Many of you have asked us how we selected our farm name. It is based on the book Watership Down which is a political satire involving talking rabbits. It also happened to be a favorite book of one of my best friends growing up. I would always make fun of her because, while I was busy reading Nancy Drew, she was acting all grown up with WD which was definitely above our 4th grade reading level. Who wants to read about talking rabbits anyway?
This friend was one of the original four "barn rats" growing up - myself, Amy, Annie and Erin. Erin and I became friends in preschool when we would play Star Wars together and be twin Princess Leas. Erin began taking riding lessons before I did, and one night, we ran into her and her mom at the IGA. Erin was wearing her breeches and had just come from a riding lesson. I had been riding during the summer at camp and had since been begging my parents to take weekly riding lessons. Erin's mom gave my mom the scoop and Erin and I were off and running, taking lessons together with a fantastic trainer. We met Annie and Amy a short while later when they began taking lessons as well. Of course, Erin and I were a little territorial and leery of them at first, but the four of us soon became inseparable at the barn as well as in school. We played sports together and had the same group of friends. Then, of course, there were those endless hours spent at the barn cleaning stalls together (probably for 40 cents an hour), riding, getting ready for horse shows and competing.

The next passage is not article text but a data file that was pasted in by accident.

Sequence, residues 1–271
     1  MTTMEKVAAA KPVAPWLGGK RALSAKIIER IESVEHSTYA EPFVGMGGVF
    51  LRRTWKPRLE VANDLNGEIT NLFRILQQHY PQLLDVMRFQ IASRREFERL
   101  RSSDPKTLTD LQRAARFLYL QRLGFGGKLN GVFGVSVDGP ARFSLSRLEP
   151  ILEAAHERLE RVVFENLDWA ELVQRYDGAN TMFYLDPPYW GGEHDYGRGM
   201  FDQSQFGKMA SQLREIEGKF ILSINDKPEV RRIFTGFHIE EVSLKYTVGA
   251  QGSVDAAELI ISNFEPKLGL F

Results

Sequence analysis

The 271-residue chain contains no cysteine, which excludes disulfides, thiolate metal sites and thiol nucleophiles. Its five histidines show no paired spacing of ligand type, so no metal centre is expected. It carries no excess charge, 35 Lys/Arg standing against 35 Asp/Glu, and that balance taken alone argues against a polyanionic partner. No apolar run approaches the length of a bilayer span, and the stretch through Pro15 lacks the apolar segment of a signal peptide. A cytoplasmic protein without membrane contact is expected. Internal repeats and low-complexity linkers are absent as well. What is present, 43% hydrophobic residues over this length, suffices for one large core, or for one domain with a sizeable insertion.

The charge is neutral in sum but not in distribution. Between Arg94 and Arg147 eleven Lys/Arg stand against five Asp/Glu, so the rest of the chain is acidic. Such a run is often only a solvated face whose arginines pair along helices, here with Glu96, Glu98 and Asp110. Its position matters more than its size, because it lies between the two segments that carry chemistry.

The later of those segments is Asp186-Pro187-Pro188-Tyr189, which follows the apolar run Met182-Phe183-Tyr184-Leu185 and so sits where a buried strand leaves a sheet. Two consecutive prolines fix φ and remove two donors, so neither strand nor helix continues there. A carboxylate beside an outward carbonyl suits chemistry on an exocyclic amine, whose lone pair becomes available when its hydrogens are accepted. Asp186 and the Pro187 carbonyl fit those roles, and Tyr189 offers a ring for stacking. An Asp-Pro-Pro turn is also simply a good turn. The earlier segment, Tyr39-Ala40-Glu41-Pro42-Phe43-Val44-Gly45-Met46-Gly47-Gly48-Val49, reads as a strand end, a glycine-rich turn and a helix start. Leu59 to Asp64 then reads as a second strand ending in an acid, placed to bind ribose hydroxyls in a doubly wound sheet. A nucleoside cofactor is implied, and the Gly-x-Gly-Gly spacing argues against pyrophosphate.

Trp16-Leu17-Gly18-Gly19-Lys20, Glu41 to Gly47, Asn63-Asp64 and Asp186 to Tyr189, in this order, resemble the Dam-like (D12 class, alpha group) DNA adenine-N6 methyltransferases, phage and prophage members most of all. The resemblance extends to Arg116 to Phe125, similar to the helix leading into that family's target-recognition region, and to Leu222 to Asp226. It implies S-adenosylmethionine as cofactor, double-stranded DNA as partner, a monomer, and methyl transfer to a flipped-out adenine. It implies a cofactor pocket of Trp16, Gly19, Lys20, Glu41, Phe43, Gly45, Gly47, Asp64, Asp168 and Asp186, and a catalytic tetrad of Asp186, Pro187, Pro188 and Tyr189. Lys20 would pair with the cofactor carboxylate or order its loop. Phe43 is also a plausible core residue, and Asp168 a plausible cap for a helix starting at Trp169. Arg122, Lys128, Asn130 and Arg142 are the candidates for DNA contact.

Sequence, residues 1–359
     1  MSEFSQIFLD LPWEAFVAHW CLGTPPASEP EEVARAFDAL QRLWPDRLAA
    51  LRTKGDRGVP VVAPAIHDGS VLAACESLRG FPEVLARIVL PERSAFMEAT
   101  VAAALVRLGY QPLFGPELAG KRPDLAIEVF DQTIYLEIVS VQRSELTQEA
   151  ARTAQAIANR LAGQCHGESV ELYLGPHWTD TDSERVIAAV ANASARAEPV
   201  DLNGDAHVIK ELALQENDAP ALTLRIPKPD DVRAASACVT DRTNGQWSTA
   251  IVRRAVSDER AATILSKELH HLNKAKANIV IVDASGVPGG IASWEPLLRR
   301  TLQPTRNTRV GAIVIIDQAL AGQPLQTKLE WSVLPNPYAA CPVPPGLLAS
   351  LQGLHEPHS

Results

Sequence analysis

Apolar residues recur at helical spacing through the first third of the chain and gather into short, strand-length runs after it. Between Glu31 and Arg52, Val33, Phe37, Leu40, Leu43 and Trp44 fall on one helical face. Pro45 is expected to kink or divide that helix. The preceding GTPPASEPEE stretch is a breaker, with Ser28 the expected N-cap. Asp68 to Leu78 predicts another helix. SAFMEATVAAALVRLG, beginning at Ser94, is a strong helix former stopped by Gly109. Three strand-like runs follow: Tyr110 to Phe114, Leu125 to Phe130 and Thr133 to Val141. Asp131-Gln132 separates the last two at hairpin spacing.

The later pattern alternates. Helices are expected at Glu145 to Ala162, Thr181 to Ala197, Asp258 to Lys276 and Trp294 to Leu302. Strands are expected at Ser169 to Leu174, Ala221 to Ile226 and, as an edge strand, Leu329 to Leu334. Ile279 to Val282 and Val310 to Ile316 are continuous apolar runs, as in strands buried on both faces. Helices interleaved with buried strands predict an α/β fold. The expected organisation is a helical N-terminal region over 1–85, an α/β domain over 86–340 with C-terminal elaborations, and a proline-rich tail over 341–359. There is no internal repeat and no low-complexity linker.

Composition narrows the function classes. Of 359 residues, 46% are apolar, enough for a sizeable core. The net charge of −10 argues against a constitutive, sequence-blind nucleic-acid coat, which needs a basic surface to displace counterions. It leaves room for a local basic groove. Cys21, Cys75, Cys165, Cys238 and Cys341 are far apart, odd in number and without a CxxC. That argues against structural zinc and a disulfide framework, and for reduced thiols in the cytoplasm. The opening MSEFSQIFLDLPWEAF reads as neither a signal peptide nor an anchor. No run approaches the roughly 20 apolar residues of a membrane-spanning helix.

Our horses were great. Mine was (and still is) the adored Wolf, a big black Mercedes Benz who took care of me more times than I can count. Amy owned Fulton who could be a handful but lived up to his show name "Heart of Gold." Annie had the wonderful horse named Victor who was actually an Appaloosa and sometimes referred to as Hayseed by those of us who loved him. Finally, Erin rode Briar who was an amazing school horse and somewhere over 20 years old. You turned the two of them loose on a cross country course and they were very aptly named Erin Utke riding "And She's Off." Erin was later able to purchase a beautiful bay thoroughbred named Stormy.
The book Watership Down took on a very personal meaning for all of us when Erin was killed in a car accident when we were 16 years old. I chose this as the name for our farm in her memory because I wish that everyone who is able to ride horses enjoys them as much as we did.
To those of you who are already fortunate enough to have found your way to riding, I wish for you the very best friends in the world to enjoy it with